There's no doubt it's hard to follow in the footsteps of a strong, powerful woman like former Vols women's basketball coach Pat Summitt. But what her son, Tyler, has done to defile the family name is a devastating blow to a pioneer's legacy — one she no longer has the ability to defend.
Tyler, 25, resigned from his head coaching post at Louisiana Tech on Thursday, citing an "inappropriate relationship." We now have a better grasp of the scope of this relationship: Summitt, who is married, reportedly impregnated one of his players.
His decision to have a sexual relationship with a player he coached is, at best, a reprehensible decision. At its worst, it's a decision that encourages the culture of a program in which there was abuse of the player/coach power structure and the male/female workplace dynamic.
Certainly, it would be an easy argument to attribute his egregious misstep to the fact that Tyler was inexperienced and too close in age to the players he coached. But when you're the son of one of the most important trailblazers in the history of women's sports, you don't get a pass for your misdeeds, especially when they're irreconcilable in the context of the culture your mother worked tirelessly to create.
Pat is a coaching legend. In 2009, Sporting News released a list of the 50 all-time greatest coaches in sports — Summitt, ranked 11th, was the only woman to make the list. She was the first NCAA coach in men or women's basketball to reach 1,000 career wins and remains one of only four to reach that milestone. In her 38-year coaching career, she led the Lady Vols to eight national titles, instilling an irrevocable sense of pride in what was once considered to be a sexist team nickname.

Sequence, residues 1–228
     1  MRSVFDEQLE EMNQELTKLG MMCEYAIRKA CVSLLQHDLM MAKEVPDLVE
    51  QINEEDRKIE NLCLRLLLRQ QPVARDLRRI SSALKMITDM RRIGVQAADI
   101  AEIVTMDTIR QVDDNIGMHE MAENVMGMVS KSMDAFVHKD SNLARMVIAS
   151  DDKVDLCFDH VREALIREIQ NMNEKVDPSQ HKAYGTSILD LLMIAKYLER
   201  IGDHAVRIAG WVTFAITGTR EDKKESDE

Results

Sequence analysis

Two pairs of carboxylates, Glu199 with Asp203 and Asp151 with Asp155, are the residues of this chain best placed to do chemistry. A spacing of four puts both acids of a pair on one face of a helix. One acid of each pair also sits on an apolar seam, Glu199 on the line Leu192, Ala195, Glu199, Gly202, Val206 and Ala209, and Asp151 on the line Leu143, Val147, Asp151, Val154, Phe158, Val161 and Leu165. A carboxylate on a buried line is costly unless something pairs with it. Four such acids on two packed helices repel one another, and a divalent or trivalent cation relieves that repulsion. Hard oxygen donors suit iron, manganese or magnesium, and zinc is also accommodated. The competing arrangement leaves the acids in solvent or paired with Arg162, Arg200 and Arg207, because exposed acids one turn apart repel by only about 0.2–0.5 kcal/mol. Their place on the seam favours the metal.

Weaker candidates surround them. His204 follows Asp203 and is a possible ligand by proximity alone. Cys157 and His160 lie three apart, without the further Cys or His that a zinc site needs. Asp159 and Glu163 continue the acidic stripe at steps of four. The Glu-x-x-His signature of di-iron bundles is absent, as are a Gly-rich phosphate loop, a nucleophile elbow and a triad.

Summitt was also a Title IX champion, a woman who empowered other women to seek equality in sports. In a 2012 interview, Summit told ESPN she was "proud of what's happened" in women's sports.
"I do take a lot of pride in seeing the success of other conferences, as well as what's happening right here on this campus," Summit said. "And just seeing women's sports with a level of appreciation and awareness and coverage that we've never enjoyed before. So yeah, when I think about that, have we finally arrived? I hope so."
And now, at a time when her son has seemingly done all he could to dismantle the part of her coaching legacy that resonates most, she cannot even defend herself or reprimand him. Summitt has been battling early onset dementia since her resignation in 2012, and a close co-worker of hers told CBS Sports in March that the weight of her diagnosis has "really begun to sink in."
“I'm not sure that she knows who I am unless I tell her,” said Mickey Dearstone, the longtime voice of the Lady Vols.
It's hard to decipher what the most shameful part of this scandal is, because there's so much to unpack.
Is it that Tyler's inability to control his urges tarnished years of work his mother put into championing women's rights in sports, however unfair that may seem?
Is it that a female coach was passed over for the nepotism inherent in hiring a 23-year-old because his last name is Summitt? That seems to be a valid point of contention, even more so now. Since Title IX was enacted in 1972, the percentage of women coaching women's sports has fallen from 90 percent to 40 percent, according to a 2015 study.
No, the most shameful part of all of this is that in his 25 years of guidance from his mother, Tyler appears to have absorbed none of the most important lessons she taught. Logic would have it that if there was anyone able to carry on Pat's legacy and teachings — to empower women — it should have been Tyler.
But instead, he chose the opposite. And that's a damn shame.